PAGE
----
We’re having a touristic/historical photo experience today courtesy of reader Athayde Tonhasca Júnior. Athayde’s words are indented (quotes from Wikipedia are doubly indented), and you can enlarge the photos by clicking on them.
Perhaps the crew would enjoy a short trip to a British Historical site.
“Vindolanda was a Roman fort and is an active archaeological site located in Northumbria. Predating the construction of Hadrian’s wall, Vindolanda provides a look at Roman life on the frontier. Based on current excavations, archaeologists date the fort as being occupied from 85 BCE to 370 CE..
This site is significant due to the artifacts that have been preserved in the Anoxic conditions of the area, such as the Vindolanda tablets, which are the oldest preserved writing in Britain. The Vindolanda Tablets were, at the time of their discovery, the oldest surviving handwritten documents in Britain They are a rich source of information about life on the northern frontier of Roman Britain. Written on fragments of thin, post-card sized wooden leaf-tablets with carbon-based ink, the tablets date to the 1st and 2nd centuries AD (roughly contemporary with Hadrian’s Wall). The documents record official military matters as well as personal messages to and from members of the garrison of Vindolanda, their families, and their slaves. Highlights of the tablets include an invitation to a birthday party held in about 100 AD, which is perhaps the oldest surviving document written in Latin by a woman. The translation is as follows:
Claudia Severa to her Lepidina greetings.
On 11 September, sister, for the day of the celebration of my birthday, I give you a warm invitation to make sure that you come to us, to make the day more enjoyable for me by your arrival, if you are present. Give my greetings to your Cerialis. My Aelius and my little son send him their greetings.
I shall expect you, sister. Farewell, sister, my dearest soul, as I hope to prosper, and hail.
To Sulpicia Lepidina, (wife) of Cerialis, from Cl. Severa.“
Photo and caption from Wikipedia:
The tablets are fantastic, and so are the shoes. They don’t look very different from our footwear. From the Museum website: “One of the most prevalent types of objects to come from the site are leather boots and shoes. We have some 5,000 of them in many different shapes and sizes. They tell us a lot about the people who lived here nearly 2,000 years ago.”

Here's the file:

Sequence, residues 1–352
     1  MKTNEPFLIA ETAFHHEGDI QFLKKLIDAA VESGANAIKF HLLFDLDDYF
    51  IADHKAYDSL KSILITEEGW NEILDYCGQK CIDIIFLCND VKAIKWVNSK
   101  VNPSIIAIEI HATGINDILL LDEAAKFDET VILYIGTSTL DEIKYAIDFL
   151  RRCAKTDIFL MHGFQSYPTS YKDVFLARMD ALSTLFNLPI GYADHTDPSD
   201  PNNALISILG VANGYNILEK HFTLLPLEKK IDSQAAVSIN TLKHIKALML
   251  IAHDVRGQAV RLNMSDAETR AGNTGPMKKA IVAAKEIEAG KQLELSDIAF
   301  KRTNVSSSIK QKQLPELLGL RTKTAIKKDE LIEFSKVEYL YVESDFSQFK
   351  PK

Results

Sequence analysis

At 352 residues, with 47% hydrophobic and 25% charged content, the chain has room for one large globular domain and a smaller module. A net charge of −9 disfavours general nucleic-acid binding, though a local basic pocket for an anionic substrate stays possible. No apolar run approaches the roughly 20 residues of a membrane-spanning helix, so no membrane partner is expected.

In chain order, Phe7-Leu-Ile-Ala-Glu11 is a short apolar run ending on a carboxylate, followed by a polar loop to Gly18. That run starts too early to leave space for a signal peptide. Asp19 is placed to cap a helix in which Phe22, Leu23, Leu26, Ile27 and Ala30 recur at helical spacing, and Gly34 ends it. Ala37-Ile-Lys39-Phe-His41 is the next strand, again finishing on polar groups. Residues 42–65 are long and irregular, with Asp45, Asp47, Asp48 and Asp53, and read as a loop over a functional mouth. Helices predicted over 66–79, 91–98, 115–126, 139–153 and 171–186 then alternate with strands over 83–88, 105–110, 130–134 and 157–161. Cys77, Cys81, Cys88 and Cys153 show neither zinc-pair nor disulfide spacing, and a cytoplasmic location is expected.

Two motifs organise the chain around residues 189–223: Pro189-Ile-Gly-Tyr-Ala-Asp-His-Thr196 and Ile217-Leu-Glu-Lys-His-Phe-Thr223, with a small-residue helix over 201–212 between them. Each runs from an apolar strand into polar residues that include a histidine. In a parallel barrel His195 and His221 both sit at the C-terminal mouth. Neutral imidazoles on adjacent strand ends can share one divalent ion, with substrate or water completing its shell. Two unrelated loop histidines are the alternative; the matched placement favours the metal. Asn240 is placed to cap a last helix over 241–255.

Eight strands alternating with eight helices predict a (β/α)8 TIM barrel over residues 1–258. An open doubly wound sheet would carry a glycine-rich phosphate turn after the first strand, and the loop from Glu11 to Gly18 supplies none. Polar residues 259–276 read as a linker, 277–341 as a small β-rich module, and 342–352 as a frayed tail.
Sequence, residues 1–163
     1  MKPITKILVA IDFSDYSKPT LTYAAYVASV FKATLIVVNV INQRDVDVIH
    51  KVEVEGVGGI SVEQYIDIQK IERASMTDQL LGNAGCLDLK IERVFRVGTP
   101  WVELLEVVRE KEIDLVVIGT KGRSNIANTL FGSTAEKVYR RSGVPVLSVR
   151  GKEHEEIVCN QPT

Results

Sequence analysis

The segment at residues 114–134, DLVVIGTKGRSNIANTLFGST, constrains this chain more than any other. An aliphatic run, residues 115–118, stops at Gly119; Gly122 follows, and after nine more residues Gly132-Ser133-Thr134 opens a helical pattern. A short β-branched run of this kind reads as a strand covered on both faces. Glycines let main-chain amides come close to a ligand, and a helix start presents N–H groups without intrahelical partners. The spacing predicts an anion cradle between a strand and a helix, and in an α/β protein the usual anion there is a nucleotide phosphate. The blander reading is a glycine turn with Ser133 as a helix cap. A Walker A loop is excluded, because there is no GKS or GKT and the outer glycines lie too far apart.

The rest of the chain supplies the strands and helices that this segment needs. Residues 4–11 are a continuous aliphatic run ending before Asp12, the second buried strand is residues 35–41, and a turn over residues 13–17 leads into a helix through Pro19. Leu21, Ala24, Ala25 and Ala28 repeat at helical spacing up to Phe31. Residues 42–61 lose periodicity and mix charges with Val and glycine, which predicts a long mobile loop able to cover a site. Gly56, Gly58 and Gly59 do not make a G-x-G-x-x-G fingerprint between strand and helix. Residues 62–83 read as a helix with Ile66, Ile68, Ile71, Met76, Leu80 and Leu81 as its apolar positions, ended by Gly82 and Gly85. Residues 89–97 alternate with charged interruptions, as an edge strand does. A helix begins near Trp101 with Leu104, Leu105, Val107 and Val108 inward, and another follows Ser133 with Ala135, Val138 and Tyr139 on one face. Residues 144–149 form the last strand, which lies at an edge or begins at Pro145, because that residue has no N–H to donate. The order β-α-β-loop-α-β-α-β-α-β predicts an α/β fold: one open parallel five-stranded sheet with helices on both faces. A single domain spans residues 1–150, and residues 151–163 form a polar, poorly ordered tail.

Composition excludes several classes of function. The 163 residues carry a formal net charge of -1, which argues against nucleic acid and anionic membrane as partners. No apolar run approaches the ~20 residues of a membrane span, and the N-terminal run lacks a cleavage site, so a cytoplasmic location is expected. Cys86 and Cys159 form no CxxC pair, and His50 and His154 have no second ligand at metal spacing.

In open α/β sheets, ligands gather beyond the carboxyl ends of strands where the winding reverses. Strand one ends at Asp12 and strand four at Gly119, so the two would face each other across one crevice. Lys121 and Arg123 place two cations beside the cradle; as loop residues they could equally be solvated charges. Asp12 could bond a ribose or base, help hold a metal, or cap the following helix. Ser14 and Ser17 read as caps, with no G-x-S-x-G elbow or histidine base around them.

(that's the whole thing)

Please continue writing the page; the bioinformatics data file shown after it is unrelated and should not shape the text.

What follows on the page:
A fancy shoe:
An intricate sole:
As for the Hadrian Wall, “it is the remains of stone fortifications built by the Roman Empire following its conquest of Britain in the second century A.D. The original structure stretched more than 70 miles across the northern English countryside from the River Tyne near the city of Newcastle and the North Sea, west to the Irish Sea. Hadrian’s Wall included a number of forts as well as a ditch designed to protect against invading troops. The remnants of a stonewall are still visible in many places. Contrary to popular belief, Hadrian’s Wall does not, nor has it ever, served as the border between England and Scotland, two of the four countries that make up the United Kingdom. However, it does hold significance as a UNESCO World Heritage site and a major tourist attraction” (History website).
Section of the wall by Vinolanda:
The Wall facing east:
The tree marks the Sycamore Gap, one of the most photographed spots in the country. The tree of uncertain age—”a few hundred” is the best estimate—stands along the Hadrian Wall, about 3 km west of the Roman Fort. It’s a nice walk, but the terrain can be challenging to some. You already saw it if you watched ‘Robin Hood: Prince of Thieves’ with Kevin Costner.
And what our photographer dubs “The latest archaeological discovery at the site”:
JAC: Here’s a map of Hadrian’s Wall, a World Heritage site, which runs 73 miles from coast to coast (there’s a footpath); much of it remains. Wikipedia notes:
You can read about the more northerly Antonine Wall here.